LUIS Antonio Cardinal Tagle and concelebrating bishops face Our Lady of the Immaculate Conception after the Thanksgiving Mass at the reopening of Manila Cathedral, while the choir sings The Magnificat in Tagalog. THEO CRUZ
Filipino priests ordained by Pope John Paul II welcome his canonization
Twenty-one years ago, on June 12, 1993, Pope John Paul II ordained two Filipino priests, Fr. Stephen Simangan and Fr. Gregory Gaston, in Seville, Spain. The two priests consider their ordination by the pope himself the turning point of their lives.
Fr. Simangan is a canon lawyer and the chaplain of the Philippine Coast Guard in Palawan. Fr. Gaston is the rector of the Collegio Filipino in Rome.
I met the latter on May 1, 2011 at the office of Philippine Ambassador to the Vatican Mercedes Tuason during the beatification of John Paul II.
Because they were especially ordained by the pope, the two priests feel especially compelled to live good priestly lives.
In an e-mail, Fr. Simangan wrote that the ordination was held at the Seville Stadium. He said his heart was pounding as he walked toward His Holiness for the traditional kiss of peace and paternal embrace. He said he felt much happiness as well a sense of “unworthiness in front of a holy person.”
He added grace seemed to fill him with the strength to serve God and man well as a priest. “It seemed that there was nobody around, except His Holiness and me,” he added. “It was too overwhelming to describe.
“Now that he will be canonized and become one of our saints,” he wrote, “those ineffable feelings I had then, when he ordained me, are the same emotions I am feeling now. Put yourself in my shoes! Just imagine, the bishop who made you priest was the pope!”
Now, Pope John Paul II is a saint!
He said the canonization is serving again a strong inspiration to renew his priesthood.
“It reminded me of the first zeal I had and made me renew the promises I made to Him—the zeal to defend the Church and to work for the salvation of all souls, the promise to practice poverty, to live faithfully a celibate life, and to obey my Bishop and his successors,” he wrote.
“It reaffirmed and gave me more courage to stand my ground as a priest. Most of all, it reminded me of the deepest humility needed to serve the Church and the people, following after the pope’s motto to be “the servant of all servants”!
Father Simangan said he was ordained in Seville because of the opportunity to study there as a scholar of Opus Dei.
“I owe everything to them to be able to finish my theological studies, including my doctorate degree in canon law,” he said.
“It was during this period that there was a Eucharistic Congress in Seville, Spain, where Pope John Paul II was expected to be present. They took advantage of his presence and included the ordination rites in his itinerary where I was one of the only 37 candidates from all over the world to be ordained by him during that occasion.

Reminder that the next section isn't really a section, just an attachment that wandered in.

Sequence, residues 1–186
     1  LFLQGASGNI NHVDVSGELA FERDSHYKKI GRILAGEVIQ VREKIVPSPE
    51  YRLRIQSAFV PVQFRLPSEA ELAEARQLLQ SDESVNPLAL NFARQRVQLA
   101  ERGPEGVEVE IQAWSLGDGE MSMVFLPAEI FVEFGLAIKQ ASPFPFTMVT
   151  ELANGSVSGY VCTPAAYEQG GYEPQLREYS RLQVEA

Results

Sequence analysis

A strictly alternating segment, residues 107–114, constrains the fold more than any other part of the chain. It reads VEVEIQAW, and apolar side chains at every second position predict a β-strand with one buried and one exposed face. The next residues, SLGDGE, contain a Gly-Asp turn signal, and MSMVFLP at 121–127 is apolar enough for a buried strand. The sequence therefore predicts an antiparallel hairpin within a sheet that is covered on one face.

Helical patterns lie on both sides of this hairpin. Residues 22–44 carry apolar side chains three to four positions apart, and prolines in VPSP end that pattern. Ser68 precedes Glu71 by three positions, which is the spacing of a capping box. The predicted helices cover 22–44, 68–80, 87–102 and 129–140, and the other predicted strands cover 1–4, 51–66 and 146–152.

“It was God’s providence that it happened! Mama Mary, thank you so much!”
‘True worshipto the true God’
With 180 priests and five bishops, including Papal Nuncio Archbishop Guiseppe Pinto concelebrating the Thanksgiving Mass, the Manila Cathedral was reopened last April 9.
Manila Archbishop Luis Antonio Cardinal Tagle exhorted the 2,000 people present to commit themselves to the “true worship of the true God, not the worship of false idols like money and power.”
Parishioners from 92 parishes in the Archdiocese of Manila filled up the newly restored Basilica Minore de Inmaculada Concepcion.
After two years of restoration, the Manila Cathedral finally opened. With DM Consunji as contractor and engineer Salvador P. Castro Jr. as project manager, the cathedral building was torn apart and put back piece by piece using the same materials.
The building looks the same as it was when it was built by architect Fernando H. Ocampo over 50 years ago.
Castro attributed the faithful renovation to a miracle. Even Danny Dolor, a member of the board that raised funds and oversaw the restoration, said the same. It’s a miracle!
From cathedral to basilica
The Manila Cathedral serves as the seat of the Archdiocese of Manila.
Dedicated to Our Lady of the Immaculate Conception, patroness of the Philippines, the cathedral is located at Plaza de Roma in the Intramuros.
The cathedral was originally a parish church owned and governed by the diocese of Mexico in 1571, until it became a separate diocese on Feb. 6, 1579 upon the issuance of the papal bull, “Illius Fulti Praesido,” by Pope Gregory XIII.
The cathedral was damaged and destroyed several times, since the original structure was built in 1581.
The eighth and current version of the cathedral was completed in 1958.
The basilica has merited three papal endorsements—from Pope Gregory XIII, Pope Paul VI and Pope John Paul II.
The last two visited the structure during their Philippine trips, and John Paul II issued “Quod Ipsum,” declaring the cathedral a minor basilica by his own, “Motu Proprio,” on April 27, 1981.
It is propitious that, exactly 33 years after the cathedral was declared a basilica, Pope John Paul II will be canonized today in Rome with Pope John XXIII.
Saint John Paul II and St. John XXIII, pray for us!